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October 21, 2022
5 Ways To Manage Social Anxiety And Live Your Best Life

Arpita Parikh

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What’s The Difference Between Normal Anxiety And Social Anxiety?

Does an upcoming presentation fill you with dread? Do you feel extremely anxious about giving a speech at your best friend’s wedding or attending a job interview? If you answered yes to any of these, your reactions are entirely normal. It’s common to feel anxiety in certain situations. 

However, if social situations like going to a party, meeting new people, interacting with strangers, or even talking with people you know feel overwhelming, you may experience social anxiety. 

Social anxiety is characterized by overwhelming anxiety or self-consciousness in ordinary social situations. It is an ongoing, intense fear that people are constantly watching or judging you. 

Signs and symptoms of social anxiety

  • Feeling highly self-conscious in social settings
  • Feeling anxiety that is out of proportion to the actual dangers of a situation
  • Fearing that you will behave in a way that others will judge you for
  • Avoiding social situations or enduring them with great difficulty
  • Constantly worrying about what people think of you
  • Continually judging or criticizing yourself

If you experience one or more of these symptoms, your anxiety may be hindering you from living life to the fullest. Social anxiety can be frustrating and may cause you to question yourself or your abilities. 

Social anxiety and safety behaviours

You may wonder why you experience social anxiety and others perhaps don’t. That’s a great question! There is no single cause for social anxiety. As humans, we are programmed from an early age to worry about rejection and care about what others think of us. Factors such as personality, temperament, past experiences, and the beliefs you hold about yourself all play a role in the development of social anxiety.

You may engage in safety behaviours to shield yourself from social anxiety. These behaviours are considered forms of avoidance. They may provide temporary relief, but continually engaging in avoidance behaviours will make your anxiety worse over time. Examples of safety behaviours include:

  • Avoiding eye contact
  • Speaking softly
  • Isolating yourself
  • Making excuses to leave early
  • Avoiding eating in front of others
  • Avoiding interactions with others
  • Using drugs and alcohol to cope.

Triggers for social anxiety

Each person who experiences social anxiety may have different triggers. Common social anxiety triggers include but are not limited to: answering the phone, going to places where you don’t know anyone, asking questions in a group, public speaking or performance, interacting with strangers in public, and interacting with colleagues or supervisors. 

5 strategies to manage social anxiety

Identifying your triggers is an important first step to addressing your social anxiety. Once you are aware of how your social anxiety is triggered, do you know how to manage it? Below are a few healthy and effective ways to navigate social anxiety.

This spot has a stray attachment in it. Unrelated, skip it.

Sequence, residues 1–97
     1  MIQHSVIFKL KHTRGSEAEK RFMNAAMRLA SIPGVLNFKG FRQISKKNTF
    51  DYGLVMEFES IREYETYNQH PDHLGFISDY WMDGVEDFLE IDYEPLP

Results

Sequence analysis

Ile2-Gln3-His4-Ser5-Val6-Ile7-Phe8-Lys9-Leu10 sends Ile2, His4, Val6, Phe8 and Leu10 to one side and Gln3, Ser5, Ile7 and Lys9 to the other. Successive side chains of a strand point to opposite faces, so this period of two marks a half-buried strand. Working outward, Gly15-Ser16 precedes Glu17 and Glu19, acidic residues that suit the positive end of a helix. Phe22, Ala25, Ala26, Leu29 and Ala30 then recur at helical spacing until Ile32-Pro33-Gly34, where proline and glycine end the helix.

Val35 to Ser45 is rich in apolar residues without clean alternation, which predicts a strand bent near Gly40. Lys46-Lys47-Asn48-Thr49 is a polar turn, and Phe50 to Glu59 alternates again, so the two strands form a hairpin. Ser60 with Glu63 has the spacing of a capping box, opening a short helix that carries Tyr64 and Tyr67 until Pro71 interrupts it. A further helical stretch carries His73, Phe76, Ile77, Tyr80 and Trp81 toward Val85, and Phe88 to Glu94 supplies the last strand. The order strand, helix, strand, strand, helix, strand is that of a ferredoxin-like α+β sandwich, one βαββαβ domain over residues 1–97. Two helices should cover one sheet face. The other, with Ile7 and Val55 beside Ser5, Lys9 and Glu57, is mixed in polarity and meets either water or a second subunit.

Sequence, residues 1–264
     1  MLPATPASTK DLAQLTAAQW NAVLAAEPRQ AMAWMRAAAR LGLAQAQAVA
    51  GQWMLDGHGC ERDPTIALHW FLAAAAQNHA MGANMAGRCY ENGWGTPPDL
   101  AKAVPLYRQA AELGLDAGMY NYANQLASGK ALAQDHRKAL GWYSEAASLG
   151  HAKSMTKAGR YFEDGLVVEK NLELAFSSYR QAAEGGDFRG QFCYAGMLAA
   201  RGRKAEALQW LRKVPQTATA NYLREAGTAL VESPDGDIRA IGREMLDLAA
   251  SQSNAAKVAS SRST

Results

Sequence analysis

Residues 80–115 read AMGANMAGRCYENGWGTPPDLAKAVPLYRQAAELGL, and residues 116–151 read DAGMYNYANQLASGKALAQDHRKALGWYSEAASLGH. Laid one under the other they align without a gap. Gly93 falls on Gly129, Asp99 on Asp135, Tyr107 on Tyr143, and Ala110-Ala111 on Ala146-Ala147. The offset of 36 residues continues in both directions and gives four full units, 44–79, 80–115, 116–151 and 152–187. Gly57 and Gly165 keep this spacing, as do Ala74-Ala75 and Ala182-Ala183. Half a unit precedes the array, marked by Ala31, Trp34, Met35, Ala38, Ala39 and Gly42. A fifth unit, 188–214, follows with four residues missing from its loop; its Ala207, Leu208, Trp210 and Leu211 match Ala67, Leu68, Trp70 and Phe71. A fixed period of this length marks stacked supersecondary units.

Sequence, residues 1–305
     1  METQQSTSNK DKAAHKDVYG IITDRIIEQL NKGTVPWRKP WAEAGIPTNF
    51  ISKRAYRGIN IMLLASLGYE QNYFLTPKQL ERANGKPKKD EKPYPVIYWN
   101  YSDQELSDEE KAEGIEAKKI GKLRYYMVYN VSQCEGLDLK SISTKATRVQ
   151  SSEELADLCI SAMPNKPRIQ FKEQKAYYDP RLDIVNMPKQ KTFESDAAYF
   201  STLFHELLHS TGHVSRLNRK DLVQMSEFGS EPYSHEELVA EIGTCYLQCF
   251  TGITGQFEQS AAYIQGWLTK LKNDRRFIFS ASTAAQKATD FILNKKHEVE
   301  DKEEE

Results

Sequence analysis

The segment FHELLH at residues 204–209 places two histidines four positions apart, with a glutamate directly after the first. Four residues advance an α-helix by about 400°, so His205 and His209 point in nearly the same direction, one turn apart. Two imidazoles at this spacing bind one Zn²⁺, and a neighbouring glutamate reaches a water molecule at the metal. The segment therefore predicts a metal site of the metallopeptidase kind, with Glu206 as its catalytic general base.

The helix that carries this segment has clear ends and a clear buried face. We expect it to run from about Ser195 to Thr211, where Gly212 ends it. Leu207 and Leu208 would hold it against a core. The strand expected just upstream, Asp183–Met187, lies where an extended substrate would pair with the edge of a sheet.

Control your breathing

You have probably noticed physiological changes in your body when you feel social anxiety. Symptoms such as a racing heart, shortness of breath, and feeling shaky, dizzy, tense, or faint can leave you very uncomfortable. Engage in deep, slow, and focused breathing to help regulate your breathing and calm uncomfortable feelings.

Prepare ahead

Planning ahead for social situations can help you feel more confident. Find out if you know anyone attending, how you will get there, what you will wear, and perhaps brush up on current events so that you can initiate or participate in conversations.

Start small

It’s great to face your fears and not shy away from social situations. However, this doesn’t mean you have to attend a big social event immediately. Start with smaller gatherings where you can get used to eating in front of others, making eye contact, and initiating small talk. Slowly build up to bigger activities as you get more comfortable. Tackling social anxiety takes time and practice. Remember to be patient and kind to yourself in these situations.

Take the focus off yourself

Instead of focusing inward and making assumptions about how others perceive you, focus on the environment around you. Focus on being present in the moment and being a good listener.

Ground yourself

If you start feeling nervous or uncomfortable in a social situation, use your senses of sight, sound, smell, touch, and taste to calm down. Using your senses will help you focus on the present. Mindfulness will also prevent you from worrying about how others perceive you or what’s going to happen.

You can learn to manage social anxiety

The next time you attend a social situation that makes you uncomfortable, try using one or more of these strategies. You never know — you may surprise yourself and have a great time!

Social anxiety can inhibit your life and cause you to miss out on wonderful opportunities, experiences, and interactions. If you want to learn more about managing your social anxiety, book a free 15-minute Meet & Greet with me!

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